Using Topological Defects To Engineer Self-Healing Materials

Nematic liquid crystals, commonly found in television displays, could find wider applications as a controllable scaffold for nano-sized colloids.

AsianScientist (Jun. 23, 2015) – A group of researchers from Osaka University and the Advanced Industrial Science and Technology (AIST) has developed technology for controlling the number and shapes of topological defects in nematic liquid crystal film. Their results, published in Nature Communications, also demonstrated that objects measuring a few microns could be reversibly operated by a low voltage of 2V or less.

Nematic liquid crystal is an intermediate phase between solid and liquid made up of rod-like molecules and is a common material for displays. Topological defects in liquid crystals not only affect the optical and rheological (flow) properties of the host material, but can also act as scaffolds to trap nano or micro-sized colloidal objects.

Topological defects have drawn attention as one way of expanding possibilities of the use of nematic liquid crystals other than displays—creating a gel capable of repairing itself or producing a special light wave called an “optical vortex” for example.

However, it has been difficult to control the number and shape of topological defects. This is because the creation of complex defect shapes involves confining the liquid crystals in curved geometries or adding complex-shaped colloidal objects.

Through the use of topologically patterned substrates, the researchers demonstrated the controlled generation of three-dimensional defect lines with non-trivial shapes and even chirality in a flat slab of nematic liquid crystal. By using the defect lines as templates and exploiting the electrical response of liquid crystals, they constructed colloidal superstructures that could be reversibly reconfigured by voltages as low as 1.3 V.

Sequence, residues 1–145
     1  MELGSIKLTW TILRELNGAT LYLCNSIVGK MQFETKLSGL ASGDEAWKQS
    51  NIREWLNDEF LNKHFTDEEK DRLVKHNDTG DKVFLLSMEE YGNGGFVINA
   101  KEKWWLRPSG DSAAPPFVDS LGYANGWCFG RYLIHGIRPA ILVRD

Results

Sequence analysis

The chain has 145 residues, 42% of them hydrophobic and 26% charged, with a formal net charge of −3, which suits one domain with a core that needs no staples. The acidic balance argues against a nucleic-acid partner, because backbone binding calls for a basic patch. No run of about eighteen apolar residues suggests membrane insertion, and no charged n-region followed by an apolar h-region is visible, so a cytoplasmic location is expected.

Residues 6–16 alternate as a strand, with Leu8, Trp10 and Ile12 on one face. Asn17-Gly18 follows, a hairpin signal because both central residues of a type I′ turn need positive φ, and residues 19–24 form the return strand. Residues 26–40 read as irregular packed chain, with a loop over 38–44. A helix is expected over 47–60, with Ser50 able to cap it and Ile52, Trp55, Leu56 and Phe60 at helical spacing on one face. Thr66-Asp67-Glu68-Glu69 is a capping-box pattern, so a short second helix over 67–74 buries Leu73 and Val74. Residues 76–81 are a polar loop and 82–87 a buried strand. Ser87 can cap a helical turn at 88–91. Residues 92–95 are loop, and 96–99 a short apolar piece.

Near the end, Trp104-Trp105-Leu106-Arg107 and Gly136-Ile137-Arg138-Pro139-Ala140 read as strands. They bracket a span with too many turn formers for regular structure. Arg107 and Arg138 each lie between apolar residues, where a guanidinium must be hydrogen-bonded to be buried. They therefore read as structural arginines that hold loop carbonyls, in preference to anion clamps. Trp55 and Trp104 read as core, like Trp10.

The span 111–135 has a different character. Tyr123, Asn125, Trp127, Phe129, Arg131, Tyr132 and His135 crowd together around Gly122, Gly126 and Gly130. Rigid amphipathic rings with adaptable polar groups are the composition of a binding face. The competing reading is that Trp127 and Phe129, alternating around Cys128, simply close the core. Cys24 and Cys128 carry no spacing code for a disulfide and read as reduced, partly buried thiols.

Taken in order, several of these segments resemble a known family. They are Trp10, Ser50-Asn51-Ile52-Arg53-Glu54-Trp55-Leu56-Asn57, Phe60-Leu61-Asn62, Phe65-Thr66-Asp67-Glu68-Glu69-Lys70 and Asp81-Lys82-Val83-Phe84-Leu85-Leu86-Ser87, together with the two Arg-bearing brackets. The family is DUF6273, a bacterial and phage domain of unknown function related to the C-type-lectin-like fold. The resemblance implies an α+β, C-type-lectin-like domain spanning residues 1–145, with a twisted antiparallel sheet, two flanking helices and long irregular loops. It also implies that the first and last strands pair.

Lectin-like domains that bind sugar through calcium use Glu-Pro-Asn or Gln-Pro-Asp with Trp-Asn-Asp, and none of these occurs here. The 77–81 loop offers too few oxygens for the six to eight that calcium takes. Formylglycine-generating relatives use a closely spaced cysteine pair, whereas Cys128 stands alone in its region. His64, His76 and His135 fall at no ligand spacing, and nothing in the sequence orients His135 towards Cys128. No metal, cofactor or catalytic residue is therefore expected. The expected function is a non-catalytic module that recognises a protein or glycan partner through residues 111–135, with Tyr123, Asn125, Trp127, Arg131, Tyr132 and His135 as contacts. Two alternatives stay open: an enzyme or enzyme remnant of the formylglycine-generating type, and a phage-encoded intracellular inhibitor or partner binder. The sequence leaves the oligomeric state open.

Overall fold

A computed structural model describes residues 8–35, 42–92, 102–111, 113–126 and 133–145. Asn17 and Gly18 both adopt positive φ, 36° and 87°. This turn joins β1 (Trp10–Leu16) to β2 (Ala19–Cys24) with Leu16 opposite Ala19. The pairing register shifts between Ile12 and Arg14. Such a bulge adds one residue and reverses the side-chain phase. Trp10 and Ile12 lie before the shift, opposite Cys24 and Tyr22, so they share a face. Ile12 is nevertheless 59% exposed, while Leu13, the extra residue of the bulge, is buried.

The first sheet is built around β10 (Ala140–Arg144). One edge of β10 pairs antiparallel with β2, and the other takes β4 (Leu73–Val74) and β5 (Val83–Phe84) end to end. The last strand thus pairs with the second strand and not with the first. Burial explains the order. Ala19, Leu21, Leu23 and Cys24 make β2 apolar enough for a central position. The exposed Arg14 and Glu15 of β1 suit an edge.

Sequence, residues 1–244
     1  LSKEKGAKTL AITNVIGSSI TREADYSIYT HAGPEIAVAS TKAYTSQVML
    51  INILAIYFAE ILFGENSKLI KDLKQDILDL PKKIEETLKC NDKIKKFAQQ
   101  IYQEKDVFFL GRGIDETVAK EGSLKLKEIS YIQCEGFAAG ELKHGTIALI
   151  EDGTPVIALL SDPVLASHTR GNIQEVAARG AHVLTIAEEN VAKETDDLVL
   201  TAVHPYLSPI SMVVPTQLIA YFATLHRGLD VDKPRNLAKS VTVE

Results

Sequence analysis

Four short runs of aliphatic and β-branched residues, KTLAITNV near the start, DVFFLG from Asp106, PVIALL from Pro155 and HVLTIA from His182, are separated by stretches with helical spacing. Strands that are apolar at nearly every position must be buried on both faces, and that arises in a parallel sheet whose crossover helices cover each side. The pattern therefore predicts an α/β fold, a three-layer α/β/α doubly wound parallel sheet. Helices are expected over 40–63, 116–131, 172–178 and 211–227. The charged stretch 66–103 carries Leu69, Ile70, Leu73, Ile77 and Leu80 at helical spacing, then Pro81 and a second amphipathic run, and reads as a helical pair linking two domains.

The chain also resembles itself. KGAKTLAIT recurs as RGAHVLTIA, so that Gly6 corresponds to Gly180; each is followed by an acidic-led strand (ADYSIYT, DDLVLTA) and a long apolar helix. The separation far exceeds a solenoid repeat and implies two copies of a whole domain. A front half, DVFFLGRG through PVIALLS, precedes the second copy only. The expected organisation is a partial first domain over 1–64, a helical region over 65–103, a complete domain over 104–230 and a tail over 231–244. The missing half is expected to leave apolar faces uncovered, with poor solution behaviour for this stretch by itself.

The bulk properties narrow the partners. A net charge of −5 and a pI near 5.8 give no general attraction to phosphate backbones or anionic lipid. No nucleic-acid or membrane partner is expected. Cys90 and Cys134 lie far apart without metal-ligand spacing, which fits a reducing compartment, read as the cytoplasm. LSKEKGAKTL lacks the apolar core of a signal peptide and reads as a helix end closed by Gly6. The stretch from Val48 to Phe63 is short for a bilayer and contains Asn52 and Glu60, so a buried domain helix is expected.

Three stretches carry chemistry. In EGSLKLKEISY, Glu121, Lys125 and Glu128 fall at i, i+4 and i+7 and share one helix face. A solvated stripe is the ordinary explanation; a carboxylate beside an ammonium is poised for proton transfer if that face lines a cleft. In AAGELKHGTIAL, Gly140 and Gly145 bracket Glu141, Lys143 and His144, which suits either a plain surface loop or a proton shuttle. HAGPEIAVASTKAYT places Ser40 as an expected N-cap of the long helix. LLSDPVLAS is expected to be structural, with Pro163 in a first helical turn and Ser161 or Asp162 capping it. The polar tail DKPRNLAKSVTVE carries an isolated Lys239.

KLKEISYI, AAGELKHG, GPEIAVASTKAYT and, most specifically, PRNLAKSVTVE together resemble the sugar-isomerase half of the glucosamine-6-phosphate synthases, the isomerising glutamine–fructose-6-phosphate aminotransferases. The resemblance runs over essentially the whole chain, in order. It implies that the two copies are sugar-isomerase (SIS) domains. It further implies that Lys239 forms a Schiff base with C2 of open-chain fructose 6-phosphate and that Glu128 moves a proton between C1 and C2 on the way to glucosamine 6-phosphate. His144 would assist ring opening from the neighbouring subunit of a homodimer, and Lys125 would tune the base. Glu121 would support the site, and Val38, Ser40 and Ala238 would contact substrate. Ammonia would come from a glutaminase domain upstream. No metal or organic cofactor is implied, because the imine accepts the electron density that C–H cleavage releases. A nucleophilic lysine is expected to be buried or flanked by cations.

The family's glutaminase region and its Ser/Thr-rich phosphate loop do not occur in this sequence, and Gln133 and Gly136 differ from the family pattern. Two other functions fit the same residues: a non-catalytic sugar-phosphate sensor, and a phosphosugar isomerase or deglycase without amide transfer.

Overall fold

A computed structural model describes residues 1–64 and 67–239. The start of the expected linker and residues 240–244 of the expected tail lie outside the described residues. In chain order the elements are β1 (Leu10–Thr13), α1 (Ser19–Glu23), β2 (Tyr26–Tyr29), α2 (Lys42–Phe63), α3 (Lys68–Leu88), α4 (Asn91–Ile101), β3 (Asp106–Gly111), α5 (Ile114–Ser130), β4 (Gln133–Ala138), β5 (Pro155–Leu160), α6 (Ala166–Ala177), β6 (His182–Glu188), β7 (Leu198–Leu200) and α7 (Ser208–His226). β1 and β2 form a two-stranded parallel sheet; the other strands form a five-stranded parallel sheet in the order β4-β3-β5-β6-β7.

Although liquid crystal has become synonymous with televisions, many materials also exist in the liquid crystalline state, such as functional high molecule materials used for bulletproof vests, organic semiconductors used for solar batteries and biological materials such as DNA.

Since this group’s technology for controlling the number and shapes of topological defects can be used for all types of materials, it could contribute to applications in a wide range of areas. Three-dimensional engineering of the defect shapes in liquid crystals is potentially useful in the fabrication of self-healing composites and in stabilizing artificial frustrated phases.

The article can be found at: Yoshida et al. (2015) Three-Dimensional Positioning And Control Of Colloidal Objects Utilizing Engineered Liquid Crystalline Defect Networks.

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Source: Osaka University.
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